A vote in Canada’s Parliament to approve a genetic privacy bill is creating a self-inflicted political headache for Prime Minister Justin Trudeau’s Liberal government—and could result in a relatively rare and unusual court case.
The Genetic Non-Discrimination Act, originally introduced in 2013 by now-retired Liberal Senator James Cowan, is aimed at preventing the use of information generated by genetic tests to deny health insurance, employment, and housing, or to influence child custody and adoption decisions. It calls for fines of up to $740,000 and prison terms of up to 5 years for anyone who requires any Canadian to undergo a genetic test, or to disclose test results, in order to obtain insurance or enter into legal or business relationships. The bill bars discrimination on the grounds of genetics, and the sharing of genetic test results without written consent (with exemptions for researchers and doctors).
Supporters said the law is needed to encourage Canadians to make greater use of genetic testing. Currently, they claimed, many Canadians refuse genetic tests in the course of care or clinical trials because they fear insurers or others could use the results against them. But opponents of the bill, including health and life insurers, argued a ban would increase treatment and insurance costs. Instead, insurers support a voluntary code regulating the use of genetic tests in underwriting life insurance policies; it would allow insurers to require tests only for policies worth more than $185,500. Trudeau’s Liberal Party cabinet also formally opposed the measure, with Justice Minister Jody Wilson-Raybould arguing that the bill is unconstitutional because it intrudes on powers given to Canada’s 13 provincial and territorial governments to regulate insurance.
Those arguments, however, failed to sway lawmakers. On 9 March, members of Parliament voted 222–60 to approve the measure. More than 100 Liberal members voted for the bill, taking advantage of a so-called free vote, which allows members to vote their conscience rather follow the party line.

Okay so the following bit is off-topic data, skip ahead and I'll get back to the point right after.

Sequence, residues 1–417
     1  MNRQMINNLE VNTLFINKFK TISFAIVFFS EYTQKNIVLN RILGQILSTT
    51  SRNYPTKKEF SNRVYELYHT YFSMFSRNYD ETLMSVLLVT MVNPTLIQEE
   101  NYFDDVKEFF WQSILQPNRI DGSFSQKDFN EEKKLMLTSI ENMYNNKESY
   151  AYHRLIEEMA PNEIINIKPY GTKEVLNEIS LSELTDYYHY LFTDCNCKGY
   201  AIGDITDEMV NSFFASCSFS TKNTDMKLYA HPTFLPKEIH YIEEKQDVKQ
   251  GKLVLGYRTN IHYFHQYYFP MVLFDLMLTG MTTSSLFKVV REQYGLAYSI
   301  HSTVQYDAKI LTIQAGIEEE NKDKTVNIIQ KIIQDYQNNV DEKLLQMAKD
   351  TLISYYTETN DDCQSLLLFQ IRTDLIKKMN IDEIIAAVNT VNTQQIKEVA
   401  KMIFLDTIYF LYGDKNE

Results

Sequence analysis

The vote was applauded by Bev Heim-Myers, chair of the Canadian Coalition for Genetic Fairness in Kitchener, which represents 18 disease-based organizations. “Finally, the voices of Canadians, and the voices of science and medicine, were heard,” she says.
The result has prompted Trudeau’s government to consider extraordinary measures to block the legislation. Normally, the bill would become law once it is approved by Canada’s governor-general (and in this case, after Canada’s Senate approves a minor amendment requested by the House of Commons). The governor-general, who represents the queen of England, is a holdover from Canada’s past as a British colony, and typically rubber stamps legislation passed by Parliament.
To delay and potentially kill the legislation, Trudeau’s government is considering not sending the bill to the governor-general (a tactic that doesn’t appear to have been used since the 1920s), and instead asking Canada’s Supreme Court to rule on the bill’s constitutionality. That process could take up to 2 years.
Cowan, the bill’s original sponsor, says he can’t fathom the rationale behind the government’s stance. “Is it really up to the government of Canada to defend provincial jurisdiction, or the insurance industry?” he asks.
Prominent legal scholars are skeptical of the government’s claim that the law is unconstitutional. Canada’s Supreme Court has previously held that federal criminal law can apply to regulating food, drugs, guns, and other areas in which the goal is to mitigate so-called “social evils,” they note. And the claim that the bill infringes on provincial power to regulate insurance may not hold up, because the law applies equally to all commercial sectors.